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Wing Differences 737 Classic To 737NG  
User currently offlineLnglive1011yyz From Canada, joined Oct 2003, 1608 posts, RR: 15
Posted (8 years 8 months 2 weeks 6 days 5 hours ago) and read 9873 times:

Can anyone here speak to or point me in the direction on the differences between the 737 Classic wing to the 737NG wing?

In specific, I'm looking for the technical aspects of the wing, as well as what helps allow the NG to fly at higher altitudes..

Any help would be appreciated!

Thanks!

1011yyz


Pack your bags, we're going on a sympathy trip!
13 replies: All unread, jump to last
 
User currently offlineSlamClick From United States of America, joined Nov 2003, 10062 posts, RR: 68
Reply 1, posted (8 years 8 months 2 weeks 6 days 4 hours ago) and read 9854 times:

For starters the span is about 18 feet longer on the NG. Since the overall planform shape is rather similar the wing area is substantially larger. As to airfoil section differences and highlift devices differences, I'll let my ignorance rule and shut up now.


Happiness is not seeing another trite Ste. Maarten photo all week long.
User currently offlineSaab2000 From Switzerland, joined Jun 2001, 1610 posts, RR: 11
Reply 2, posted (8 years 8 months 2 weeks 6 days 4 hours ago) and read 9849 times:

I cannot speak to the design of the wing, but I do know some pilots who flew the 737-700 right when it came out. They were qualified on the -300 and on the -700. They loved the -700 and said that it had better handling qualities at slow speed and at high speed. That is vague, but I know that the plane I fly does not really like to fly slow and so I sort of know what he means.

I think that computer modeling of fluid dynamics allowed Boeing to make a better all-around wing.

But like SlamClick will now say I have said enough. I just know that pilots who have flown both say that the new one is better from a pilot's perspective.



smrtrthnu
User currently offlineDw747400 From United States of America, joined Aug 2001, 1259 posts, RR: 1
Reply 3, posted (8 years 8 months 2 weeks 6 days 3 hours ago) and read 9834 times:

I believe the triple-slotted flaps of the original wing were replaced with double-slotted flaps. This reduces weight, maintenance, and flow noise. I’d imagine more powerful engines and the larger wing makes up for any loss in lift.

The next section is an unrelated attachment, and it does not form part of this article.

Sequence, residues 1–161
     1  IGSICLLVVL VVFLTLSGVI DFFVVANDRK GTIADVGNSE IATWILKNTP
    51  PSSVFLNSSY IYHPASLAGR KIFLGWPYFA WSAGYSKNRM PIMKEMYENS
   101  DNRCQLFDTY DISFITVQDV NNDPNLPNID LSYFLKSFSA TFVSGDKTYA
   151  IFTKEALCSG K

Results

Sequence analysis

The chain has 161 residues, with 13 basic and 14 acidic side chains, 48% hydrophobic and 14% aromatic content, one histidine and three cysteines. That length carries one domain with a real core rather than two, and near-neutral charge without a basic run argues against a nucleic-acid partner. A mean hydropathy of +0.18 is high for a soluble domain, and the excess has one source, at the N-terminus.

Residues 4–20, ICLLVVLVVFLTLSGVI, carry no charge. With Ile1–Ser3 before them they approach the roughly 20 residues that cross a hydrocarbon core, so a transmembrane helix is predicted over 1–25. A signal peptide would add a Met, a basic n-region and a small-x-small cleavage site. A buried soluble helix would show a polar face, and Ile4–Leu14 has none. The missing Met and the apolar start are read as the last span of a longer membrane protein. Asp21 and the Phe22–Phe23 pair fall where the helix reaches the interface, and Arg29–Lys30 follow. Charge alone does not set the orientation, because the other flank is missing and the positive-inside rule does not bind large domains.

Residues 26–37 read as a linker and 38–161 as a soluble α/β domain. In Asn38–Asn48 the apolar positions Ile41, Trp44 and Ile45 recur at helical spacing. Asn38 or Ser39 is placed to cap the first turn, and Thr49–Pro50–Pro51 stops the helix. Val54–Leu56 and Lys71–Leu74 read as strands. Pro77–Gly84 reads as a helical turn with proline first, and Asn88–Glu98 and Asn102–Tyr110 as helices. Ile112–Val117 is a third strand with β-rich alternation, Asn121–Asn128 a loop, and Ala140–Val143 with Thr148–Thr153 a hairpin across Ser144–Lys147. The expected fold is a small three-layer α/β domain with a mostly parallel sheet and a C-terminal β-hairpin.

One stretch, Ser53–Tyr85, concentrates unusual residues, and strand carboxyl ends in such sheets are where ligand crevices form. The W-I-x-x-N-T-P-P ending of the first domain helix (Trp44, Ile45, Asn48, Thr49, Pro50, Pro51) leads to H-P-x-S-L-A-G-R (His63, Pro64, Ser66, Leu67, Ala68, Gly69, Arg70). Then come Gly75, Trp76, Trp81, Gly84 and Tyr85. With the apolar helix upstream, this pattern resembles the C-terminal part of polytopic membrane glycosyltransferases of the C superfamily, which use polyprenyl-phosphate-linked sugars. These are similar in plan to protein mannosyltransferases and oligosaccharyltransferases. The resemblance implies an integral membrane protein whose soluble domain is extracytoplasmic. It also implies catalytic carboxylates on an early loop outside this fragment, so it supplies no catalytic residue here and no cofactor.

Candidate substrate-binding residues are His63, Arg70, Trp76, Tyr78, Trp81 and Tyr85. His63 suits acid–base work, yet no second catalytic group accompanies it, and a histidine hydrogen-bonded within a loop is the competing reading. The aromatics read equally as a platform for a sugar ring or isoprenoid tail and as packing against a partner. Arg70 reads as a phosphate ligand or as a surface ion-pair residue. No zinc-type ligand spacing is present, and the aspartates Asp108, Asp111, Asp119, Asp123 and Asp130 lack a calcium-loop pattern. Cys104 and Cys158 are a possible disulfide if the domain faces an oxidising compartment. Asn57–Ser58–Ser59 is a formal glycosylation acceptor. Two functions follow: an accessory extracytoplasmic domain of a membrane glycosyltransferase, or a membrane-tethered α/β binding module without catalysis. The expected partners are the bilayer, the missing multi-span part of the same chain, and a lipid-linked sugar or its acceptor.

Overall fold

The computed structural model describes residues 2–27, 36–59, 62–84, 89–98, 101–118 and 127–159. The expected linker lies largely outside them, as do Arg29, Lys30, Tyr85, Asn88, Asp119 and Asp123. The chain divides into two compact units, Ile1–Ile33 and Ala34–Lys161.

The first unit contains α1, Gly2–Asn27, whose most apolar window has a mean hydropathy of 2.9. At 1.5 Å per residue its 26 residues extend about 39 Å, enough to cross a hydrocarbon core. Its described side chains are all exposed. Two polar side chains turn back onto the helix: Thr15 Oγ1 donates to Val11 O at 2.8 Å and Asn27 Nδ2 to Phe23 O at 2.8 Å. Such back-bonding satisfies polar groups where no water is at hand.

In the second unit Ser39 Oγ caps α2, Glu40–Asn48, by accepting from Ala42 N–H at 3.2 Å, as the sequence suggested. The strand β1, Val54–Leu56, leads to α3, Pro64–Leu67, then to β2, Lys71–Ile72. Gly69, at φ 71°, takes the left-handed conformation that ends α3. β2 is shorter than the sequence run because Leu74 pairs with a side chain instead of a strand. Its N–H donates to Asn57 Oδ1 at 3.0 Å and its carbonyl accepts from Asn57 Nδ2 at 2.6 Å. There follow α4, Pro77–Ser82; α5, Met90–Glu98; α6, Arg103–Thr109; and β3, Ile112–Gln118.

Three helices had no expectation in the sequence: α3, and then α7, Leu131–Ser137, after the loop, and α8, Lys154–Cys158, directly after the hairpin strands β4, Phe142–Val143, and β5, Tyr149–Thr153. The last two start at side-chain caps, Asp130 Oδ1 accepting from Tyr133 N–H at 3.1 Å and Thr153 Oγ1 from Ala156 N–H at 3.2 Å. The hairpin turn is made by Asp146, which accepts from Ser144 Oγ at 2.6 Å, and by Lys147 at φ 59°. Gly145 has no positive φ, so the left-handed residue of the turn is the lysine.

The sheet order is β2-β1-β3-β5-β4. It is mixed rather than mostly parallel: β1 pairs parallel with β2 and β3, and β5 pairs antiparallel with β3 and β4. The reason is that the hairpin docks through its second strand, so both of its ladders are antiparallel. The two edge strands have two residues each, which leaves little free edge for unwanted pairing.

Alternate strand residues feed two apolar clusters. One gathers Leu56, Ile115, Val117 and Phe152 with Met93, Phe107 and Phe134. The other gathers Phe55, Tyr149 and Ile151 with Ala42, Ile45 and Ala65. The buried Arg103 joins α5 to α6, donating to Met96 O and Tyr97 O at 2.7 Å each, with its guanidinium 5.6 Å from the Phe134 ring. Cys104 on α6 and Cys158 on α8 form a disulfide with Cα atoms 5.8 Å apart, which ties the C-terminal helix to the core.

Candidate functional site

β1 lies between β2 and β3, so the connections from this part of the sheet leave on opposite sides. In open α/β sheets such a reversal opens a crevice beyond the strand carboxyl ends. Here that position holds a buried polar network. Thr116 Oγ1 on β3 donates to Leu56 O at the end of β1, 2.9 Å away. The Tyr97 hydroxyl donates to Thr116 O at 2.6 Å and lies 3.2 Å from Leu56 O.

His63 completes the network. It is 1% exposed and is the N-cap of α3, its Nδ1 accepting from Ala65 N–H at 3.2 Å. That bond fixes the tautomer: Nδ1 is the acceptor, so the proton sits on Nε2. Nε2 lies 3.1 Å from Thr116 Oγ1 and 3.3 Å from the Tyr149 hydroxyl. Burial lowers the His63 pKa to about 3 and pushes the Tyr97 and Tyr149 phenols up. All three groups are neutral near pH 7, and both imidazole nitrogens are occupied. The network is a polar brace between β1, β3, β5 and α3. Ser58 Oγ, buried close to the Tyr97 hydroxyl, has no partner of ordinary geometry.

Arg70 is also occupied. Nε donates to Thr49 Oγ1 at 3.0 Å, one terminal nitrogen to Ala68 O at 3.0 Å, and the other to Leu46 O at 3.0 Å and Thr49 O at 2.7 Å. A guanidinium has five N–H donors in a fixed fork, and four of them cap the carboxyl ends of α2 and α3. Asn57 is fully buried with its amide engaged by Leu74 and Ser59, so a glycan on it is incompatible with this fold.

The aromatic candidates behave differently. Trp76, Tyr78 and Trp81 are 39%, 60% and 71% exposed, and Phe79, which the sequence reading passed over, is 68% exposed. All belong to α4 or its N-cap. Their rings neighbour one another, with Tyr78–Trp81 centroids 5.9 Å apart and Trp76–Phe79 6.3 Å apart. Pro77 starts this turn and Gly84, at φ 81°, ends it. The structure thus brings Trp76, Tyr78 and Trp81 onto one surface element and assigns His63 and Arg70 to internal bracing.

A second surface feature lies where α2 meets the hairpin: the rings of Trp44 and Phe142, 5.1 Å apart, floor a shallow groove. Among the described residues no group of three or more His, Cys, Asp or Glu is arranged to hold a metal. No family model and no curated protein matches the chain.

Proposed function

CFI--Certfied Freakin Idiot
User currently offlineBrettdespain From United States of America, joined May 2005, 178 posts, RR: 11
Reply 4, posted (8 years 8 months 2 weeks 6 days 1 hour ago) and read 9803 times:

The 737 classic wing has a leading edge "cuff" that added maneuvering at low speeds. The NG doesn't have that cuff. Also the NG has a true supercritical airfoil that is very similar in design to the 777's wing. Also, the NG wing is swept back a few more degrees and doesn't have the double swept "cranked wing" that was seen on the 737 classic design and the 727 as well.

Yes, the wing is longer, however aileron placment is the same, the added wing dimension is outboard of the aileron.

The flaps are double slotted now and extend further aft and down. Another interesting bit of trivia is that the most outboard leading edge slat panel is not anti-iced. Thus Boeing has restricted the NG from holding in icing conditions with the flaps extended.

As a side note, the NG is so aerodynamically slippery that you have to plan your descents well in advance as it does not slow down rapidly. The wing is very effecient. Last week on a flight from SLC to DCA we had a payload of 145 pax, flying at FL370 at .80 mach and our fuel flow was just over 5,600 pounds per hour. A similiar flight in a 727 at the same speed would have yielded a fuel flow of about 9,000 pounds per hour.

As to how it flies..... Smile  Smile  Smile  Smile



V1...Rotate.
User currently offlineAeroWeanie From United States of America, joined Dec 2004, 1608 posts, RR: 52
Reply 5, posted (8 years 8 months 2 weeks 6 days 1 hour ago) and read 9796 times:
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The 737 Initial wing was designed for the gross weights that the 737-200 started life at. By the time the aircraft had grown to the Adv models, the wing was overloaded. At cruise, it was flying at a higher lift coefficient than it was designed for, which increased drag.

On the 737 Classic, a new leading edge was added outboard of the engine, that increased chord by 4%. The new leading edge helped abit, allowing the Classics to grow to the highest GW -400, but they were still cruising at high lift coefficients and they were slow (Mcruise=.74 on a good day).

The wing of the 737 NG is much larger (both chord and span), decreasing the wing lift coefficient, plus the airfoil has been redesigned to have a higher drag divergence Mach number. For this reason, the NG can cruise faster and climb higher.

Here is an overlay I created of the 737-200 (black), 737-300 (blue) and 737-700 (magenta) where you can see the differences. This drawing was made using the .dwg files available on the Boeing website.
http://i4.photobucket.com/albums/y120/Aeroweanie/Overlay.jpg

A little comparison (info from airliners.net):